The Rules Compendium says, "The point of origin of a spell is always a grid intersection," then later says, "An emanation spell functions like a burst spell, except that the magic continues to radiate from the point of origin for the duration of the spell" (135 and link mine).

However, many area spells that are also emanations see their areas centered on the caster. For example, the ever-popular 6th-level Sor/Wiz spell antimagic field [abjur] (Player's Handbook 200) has the entry Area: 10-ft.-radius emanation, centered on you.

Does the caster of a spell that has an area entry of emanation centered on the caster pick a grid intersection adjacent to his space as the spell's point of origin? If so, then can a big caster sometimes see that emanation affect less than the space the caster occupies? Or does the caster of a spell that has an area entry of emanation centered on the caster count squares from the edges of his space into squares around the caster… in a manner that's largely contrary to the rest of the game and the description of area spells themselves? Or is there another option that I'm just not seeing?

If addressing examples makes an answer clearer, I'm particularly interested in what area is covered by the antimagic field spell's effect when the spell's cast by a Gargantuan creature (that has a space of 20 ft.) and if that big caster suffers (or doesn't suffer) the field's effect. I'm also interested in if a living Gargantuan caster of the 6th-level Clr spell antilife shell [abjur] (PH 199–200) sees that spell effect prevent living creatures from approaching only some—rather than all—of the caster's squares.

Note: I cite the Rules Compendium because it's often considered the last word on the rules, yet here seems to provides little guidance, essentially parroting the Player's Handbook on Area (175). Feel free to use either source. I've not tagged this question because I don't really need this lawyered but playable, but rules supporting opinions are, of course, preferred. Inspired finally to ask by this question, but this's been bugging me for ages.

  • \$\begingroup\$ This may be related. NEB, if you use rulling similar to the one given in curent answer here, may be an actual burst and a centered on a caster one. And emanation spells function like burst spells. \$\endgroup\$ Mar 17 '18 at 19:46
  • 2
    \$\begingroup\$ @annoyingimp (The accepted answer is my answer that, in part, says, "In particular, emanations… would've benefited greatly from only a few more words of explanation and a diagram." Yes, this has been bothering me for three years! :-)) \$\endgroup\$ Mar 17 '18 at 19:59

I would assume that, for emanations centered on the caster or another creature/object, you would actually calculate the area off of every grid intersection coming off the emanating creature's edge-most grid squares. My reasoning is more logic- than rules-related, but if a creature is emanating a effect in a 30' radius, and another creature is only 25' away from that creature, I would rule that the creature is affected. This accomplishes many things: it keeps spells even with simple 5' radii effective for larger creatures, it keeps the effect area circular based on the position of the emanating thing.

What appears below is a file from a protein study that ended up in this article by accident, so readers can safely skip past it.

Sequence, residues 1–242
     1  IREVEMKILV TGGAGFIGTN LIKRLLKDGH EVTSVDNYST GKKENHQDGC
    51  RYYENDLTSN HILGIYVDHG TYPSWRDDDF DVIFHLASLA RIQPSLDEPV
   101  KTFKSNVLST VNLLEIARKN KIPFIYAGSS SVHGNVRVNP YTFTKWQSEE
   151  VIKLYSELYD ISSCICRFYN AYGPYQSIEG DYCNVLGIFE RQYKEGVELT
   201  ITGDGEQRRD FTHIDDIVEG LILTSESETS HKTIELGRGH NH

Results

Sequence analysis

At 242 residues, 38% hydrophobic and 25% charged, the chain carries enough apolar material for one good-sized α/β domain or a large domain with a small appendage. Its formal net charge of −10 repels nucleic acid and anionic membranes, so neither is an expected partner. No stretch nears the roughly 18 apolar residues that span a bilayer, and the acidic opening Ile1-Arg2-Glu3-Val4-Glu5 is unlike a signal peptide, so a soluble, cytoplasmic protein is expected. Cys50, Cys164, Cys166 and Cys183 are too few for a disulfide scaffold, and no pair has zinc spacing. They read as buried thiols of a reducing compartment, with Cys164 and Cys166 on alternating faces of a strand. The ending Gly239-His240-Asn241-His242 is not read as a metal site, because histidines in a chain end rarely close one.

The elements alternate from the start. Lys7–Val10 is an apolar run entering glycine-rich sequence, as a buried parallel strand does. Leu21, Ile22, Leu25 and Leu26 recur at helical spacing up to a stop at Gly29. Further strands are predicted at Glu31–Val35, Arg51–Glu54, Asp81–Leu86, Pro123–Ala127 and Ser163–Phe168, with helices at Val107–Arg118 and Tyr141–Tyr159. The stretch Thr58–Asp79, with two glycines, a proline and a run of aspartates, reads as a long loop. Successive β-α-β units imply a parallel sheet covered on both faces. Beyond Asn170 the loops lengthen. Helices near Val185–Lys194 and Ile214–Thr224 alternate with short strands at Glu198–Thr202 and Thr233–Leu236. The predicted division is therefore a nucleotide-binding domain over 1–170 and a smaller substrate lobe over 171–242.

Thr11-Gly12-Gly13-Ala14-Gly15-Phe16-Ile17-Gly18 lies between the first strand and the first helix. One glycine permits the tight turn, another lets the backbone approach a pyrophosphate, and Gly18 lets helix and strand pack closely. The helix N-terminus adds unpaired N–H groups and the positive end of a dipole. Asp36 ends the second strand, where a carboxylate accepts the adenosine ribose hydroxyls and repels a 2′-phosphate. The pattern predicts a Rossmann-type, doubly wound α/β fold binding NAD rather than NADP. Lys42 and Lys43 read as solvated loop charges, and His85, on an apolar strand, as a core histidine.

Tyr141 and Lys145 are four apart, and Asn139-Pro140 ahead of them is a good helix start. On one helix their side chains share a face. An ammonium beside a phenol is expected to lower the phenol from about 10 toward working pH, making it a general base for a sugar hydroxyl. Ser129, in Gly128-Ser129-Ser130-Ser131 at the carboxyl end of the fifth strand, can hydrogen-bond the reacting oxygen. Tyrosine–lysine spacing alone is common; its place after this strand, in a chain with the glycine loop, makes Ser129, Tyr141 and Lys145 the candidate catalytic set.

TLDR: we treat emanating creatures kind of like reach-with-given-radius in 360 degrees, but I've got nothing rules-wise to back that up. But it makes things always work smoothly.

  • \$\begingroup\$ Since larger creature spaces are always square, you end up with an area that is more of a square with rounded corners than anything properly circular, even by the grid’s odd definition of a circle. Still, +1 for being what our group does, and the best answer I can think of, anyway. It does mean that creature space effectively increases the size of these kinds of emanations, but... I’m OK with that? \$\endgroup\$
    – KRyan
    Mar 16 '18 at 16:09
  • 1
    \$\begingroup\$ RE: "[C]alculate the area off of every grid intersection coming off the emanating creature's edge-most grid squares." Wouldn't that see bigger areas creating weird pointy bits sticking off them, sort of like a 4-Venn diagram with 4 circles around a single intersection? \$\endgroup\$ Mar 16 '18 at 16:29
  • 1
    \$\begingroup\$ @HeyICanChan eh, just treat it like you would reach. 10' radius == 10' reach of spell. It just makes things go smoothly and it can be calculated quickly/easily. In the end, it lets the great wyrm dragon cast antimagic field on itself and it actually works. \$\endgroup\$ Mar 16 '18 at 16:45
  • 3
    \$\begingroup\$ @HeyICanChan That would be if you did it just from the corners, but if you did every grid intersection around the perimeter, it would “fill in” the gaps in the sides. \$\endgroup\$
    – KRyan
    Mar 16 '18 at 18:28

You must log in to answer this question.

Not the answer you're looking for? Browse other questions tagged .